In 5th grade I was blessed with the coolest teacher in my elementary school, who taught us so much more than the standard curriculum. We started every day writing in our “on this day” journals, did monthly art projects, acquired nicknames, and most importantly, we went for BOFAs. For kids, getting enough time and space to let out energy and be wiggly is vital for their focus and performance in school. That is why recess time is so important even though it has been getting cut shorter and shorter over time. Well, my rad 5th grade teacher would take notice if we were starting to fade, lose focus, and let some wiggles out. He would sigh, look out the window and say “well guys, do you think its time for a breath of fresh air?” Our faces would light up and everyone would ditch whatever we were in the middle of and run to the door for BOFA time.
Of course, we outgrow BOFA time, right?
Spending time outside is vital for most people’s sanity and rejuvenation. Maybe I’m not speaking for everyone, but I imagine that walking down a path of crunchy leaves is more peaceful and recharging than walking through a mall.
I am very adamant about giving myself ample time to be outside. Throughout university, I would make sure to schedule myself 3 day weekends and cram my time at my jobs in during the week, so I could have complete freedom from responsibility every week so I could escape. And that is how I handled being in a city when I was clearly meant to breath fresh air and absorb wide open spaces. I needed to have a way out.
When I work, I work outside. I spend my days leading guided kayaking tours in Seward, Alaska, where I can run my paddle through the water and listen to the slow rhythmic pulse of the ocean. I hear a breath from the distance and I know that something else is sharing this air too. I turn my head to search for the porpoises, moving up and down, up and down.
The kitchen is throwing ticket orders at me. I reach for the short stack of buttermilk pancakes with strawberries on the bottom for W5, but I’m still waiting for the breakfast nachos and now there’s plates stacking on the bottom ones and I can’t get to the plates I need. I’m trying to gather everything but they just keep stacking. I take the oatmeal brulee to W7 instead to get it out of the way. When I return there’s more plates, more tickets. Still no breakfast nachos. Where are the rest of the servers? I need help. It’s not going to stop. My breath quickens. I start running W5, screw the breakfast nachos maybe they will be there when I get back. W5 wants more water. That’s not my job right now, I just need to find these heckin breakfast nachos. They finally come up, I juggle the last 3 plates and run them as fast as I can because I can hear the plates stacking in the background. The window is filling, filling. Tickets. Plates. Did I bring H2 that side of toast? B3 still hasn’t gotten their food. Plates. Tickets. CRASH. I drop the breakfast nachos and oatmeal brulee for W5. Panic. PANIC! While you’re dropping things the window isn’t stopping. Get back to the window. Run the food. PANIC! Breathing breathing breathing. Faster faster. Spinning dizzy breathing panic crying. Escape escape. I am in the walk in cooler in the kitchen. Sit down. Breathe. Breathe.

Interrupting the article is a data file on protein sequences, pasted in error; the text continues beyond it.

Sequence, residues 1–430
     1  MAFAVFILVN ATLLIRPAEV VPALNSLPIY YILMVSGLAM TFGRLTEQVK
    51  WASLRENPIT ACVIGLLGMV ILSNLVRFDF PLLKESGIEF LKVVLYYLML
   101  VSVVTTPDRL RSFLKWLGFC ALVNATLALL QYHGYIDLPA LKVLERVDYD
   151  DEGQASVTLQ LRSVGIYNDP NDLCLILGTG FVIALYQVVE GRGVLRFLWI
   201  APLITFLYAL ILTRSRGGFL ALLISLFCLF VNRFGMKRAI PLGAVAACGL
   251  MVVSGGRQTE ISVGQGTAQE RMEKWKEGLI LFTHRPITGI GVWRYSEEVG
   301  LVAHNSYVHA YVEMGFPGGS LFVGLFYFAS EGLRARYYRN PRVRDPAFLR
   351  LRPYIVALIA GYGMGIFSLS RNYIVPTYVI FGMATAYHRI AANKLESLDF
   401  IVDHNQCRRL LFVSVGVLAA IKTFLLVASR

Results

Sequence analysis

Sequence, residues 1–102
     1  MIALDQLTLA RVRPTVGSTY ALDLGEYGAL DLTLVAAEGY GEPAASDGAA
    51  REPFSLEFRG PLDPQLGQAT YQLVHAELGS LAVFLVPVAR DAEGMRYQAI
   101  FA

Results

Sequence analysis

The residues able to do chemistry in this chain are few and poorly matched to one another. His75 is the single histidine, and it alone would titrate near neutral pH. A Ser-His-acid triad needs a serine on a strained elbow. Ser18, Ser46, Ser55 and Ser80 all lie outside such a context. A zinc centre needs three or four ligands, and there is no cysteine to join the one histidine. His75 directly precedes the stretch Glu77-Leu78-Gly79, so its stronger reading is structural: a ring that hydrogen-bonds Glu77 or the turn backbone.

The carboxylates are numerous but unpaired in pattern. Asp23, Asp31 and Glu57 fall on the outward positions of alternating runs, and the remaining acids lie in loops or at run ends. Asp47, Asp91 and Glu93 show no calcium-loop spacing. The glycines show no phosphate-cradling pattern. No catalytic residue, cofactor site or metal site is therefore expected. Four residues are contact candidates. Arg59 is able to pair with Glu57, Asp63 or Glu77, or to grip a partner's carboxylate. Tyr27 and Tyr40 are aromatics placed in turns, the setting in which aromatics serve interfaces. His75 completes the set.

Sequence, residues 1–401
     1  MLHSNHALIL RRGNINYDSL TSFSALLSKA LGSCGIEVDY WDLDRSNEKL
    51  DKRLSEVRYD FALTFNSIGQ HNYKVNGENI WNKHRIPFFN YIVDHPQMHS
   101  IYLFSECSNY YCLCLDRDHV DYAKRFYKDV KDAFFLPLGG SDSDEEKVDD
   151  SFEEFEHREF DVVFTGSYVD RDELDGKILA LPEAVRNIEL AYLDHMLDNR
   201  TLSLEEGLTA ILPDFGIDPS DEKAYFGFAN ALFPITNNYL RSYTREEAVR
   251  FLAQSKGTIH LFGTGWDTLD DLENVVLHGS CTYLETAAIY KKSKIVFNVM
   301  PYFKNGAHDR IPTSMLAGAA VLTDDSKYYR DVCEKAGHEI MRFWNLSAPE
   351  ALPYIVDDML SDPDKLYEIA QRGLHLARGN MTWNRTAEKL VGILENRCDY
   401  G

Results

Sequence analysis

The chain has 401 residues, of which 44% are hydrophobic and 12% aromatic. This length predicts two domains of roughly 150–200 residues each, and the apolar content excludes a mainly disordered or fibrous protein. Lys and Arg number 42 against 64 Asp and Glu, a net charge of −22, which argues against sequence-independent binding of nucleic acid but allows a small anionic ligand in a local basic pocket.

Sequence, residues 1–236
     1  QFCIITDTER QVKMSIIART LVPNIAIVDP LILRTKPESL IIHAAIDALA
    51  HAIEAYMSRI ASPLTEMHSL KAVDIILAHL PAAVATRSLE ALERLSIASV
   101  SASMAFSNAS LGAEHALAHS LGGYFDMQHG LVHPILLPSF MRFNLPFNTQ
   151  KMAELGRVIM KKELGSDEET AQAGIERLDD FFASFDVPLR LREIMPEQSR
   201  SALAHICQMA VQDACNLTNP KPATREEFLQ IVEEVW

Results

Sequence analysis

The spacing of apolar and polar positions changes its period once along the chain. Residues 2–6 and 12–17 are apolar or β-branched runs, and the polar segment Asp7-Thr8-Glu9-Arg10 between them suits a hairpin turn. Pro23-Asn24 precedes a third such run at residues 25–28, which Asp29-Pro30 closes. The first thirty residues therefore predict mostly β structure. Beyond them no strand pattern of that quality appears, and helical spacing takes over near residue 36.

When my “home” in Alaska shut down for the winter and my people skipped town to look for more work, I came back to Madison, WI to be close to family and college friends for a little while. My plans had changed last minute, leaving me desperately in search for a fall job. Jobs in the outdoor industry were already filled for the season. The previously described scene was me a couple of weeks ago when I was the food runner at the brunch restaurant that I currently work at. I am not in my environment. I am out of my comfort zone. The scariest day of work I’ve had as a kayak guide was my first summer when I had to call a “pan pan” over the radio to get help with a client who was in the freezing water, and because of special circumstances, it was impossible to get her back in her kayak. I launched myself into fight or flight mode and did whatever had to be done to get her life out of danger. Experiencing a panic attack at a breakfast restaurant was a scarier experience for me.
I have been trapped in the city for the last 8 weeks working 60 hours/week and it has taken a tremendous toll on me. I need a breath of fresh air.
And that brings me to today. Thanksgiving! I am so incredibly thankful for everything I have been blessed with. I am thankful that I have been so spoiled to enjoy beautiful outdoor spaces. I am thankful for the people, experiences, and places that have made me who I am today. This morning I had my first day outside in what feels like forever. My first day off in over 2 weeks. My first day hiking with my parents in over 5 years. I can breathe and close my eyes and be thankful.
5 more weeks living outside of my comfort zone and I will be ready to head back to the real world again. The world where I can cook on a camp stove and kayak with friends and climb on rocks. Instead of thinking of those too-fast, too-intense breaths in front of the food window, I think about those breaths I will take high on a cliff. Come April I will breathe my way from Mexico to Canada. My eyes will not be wide with panic but wide with awe. I will look at so many beautiful things while breathing in and out. In and out. Breaths of fresh air. 5 weeks. Happy Thanksgiving! I hope you all get to take a BOFA soon!
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Don’t google “bofa”…I missed the bit about “breath of fresh air”, so I looked it up and got: “bofa deez nuts”…lol. Great post, btw